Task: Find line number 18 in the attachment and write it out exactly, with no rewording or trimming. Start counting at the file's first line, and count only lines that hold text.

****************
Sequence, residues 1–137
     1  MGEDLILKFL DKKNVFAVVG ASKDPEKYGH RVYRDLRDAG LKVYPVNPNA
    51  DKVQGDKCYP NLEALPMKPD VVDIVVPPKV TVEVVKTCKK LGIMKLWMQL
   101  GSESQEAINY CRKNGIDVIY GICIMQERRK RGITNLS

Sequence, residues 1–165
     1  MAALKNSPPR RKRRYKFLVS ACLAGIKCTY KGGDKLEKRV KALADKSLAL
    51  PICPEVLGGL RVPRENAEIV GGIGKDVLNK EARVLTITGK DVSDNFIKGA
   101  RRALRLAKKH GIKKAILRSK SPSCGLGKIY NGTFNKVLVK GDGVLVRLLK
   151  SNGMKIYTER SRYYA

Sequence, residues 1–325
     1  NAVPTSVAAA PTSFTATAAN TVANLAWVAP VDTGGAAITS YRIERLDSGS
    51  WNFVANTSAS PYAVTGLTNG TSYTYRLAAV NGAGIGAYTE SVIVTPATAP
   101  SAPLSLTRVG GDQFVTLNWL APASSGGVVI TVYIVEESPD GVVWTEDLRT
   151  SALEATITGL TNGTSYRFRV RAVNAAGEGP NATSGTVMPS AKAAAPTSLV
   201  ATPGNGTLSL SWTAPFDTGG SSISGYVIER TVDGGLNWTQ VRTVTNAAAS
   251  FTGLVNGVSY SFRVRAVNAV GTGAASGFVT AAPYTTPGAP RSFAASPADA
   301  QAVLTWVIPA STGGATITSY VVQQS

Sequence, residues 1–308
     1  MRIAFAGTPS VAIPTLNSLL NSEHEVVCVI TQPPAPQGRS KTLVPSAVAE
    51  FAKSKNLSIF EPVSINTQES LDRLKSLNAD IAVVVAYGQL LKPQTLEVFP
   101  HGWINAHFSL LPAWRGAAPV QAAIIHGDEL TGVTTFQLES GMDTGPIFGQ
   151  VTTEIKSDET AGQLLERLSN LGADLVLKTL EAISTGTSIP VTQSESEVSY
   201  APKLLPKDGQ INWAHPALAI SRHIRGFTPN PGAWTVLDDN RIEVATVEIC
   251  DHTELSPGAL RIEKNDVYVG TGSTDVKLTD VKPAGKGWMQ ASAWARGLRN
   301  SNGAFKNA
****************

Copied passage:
Sequence, residues 1–308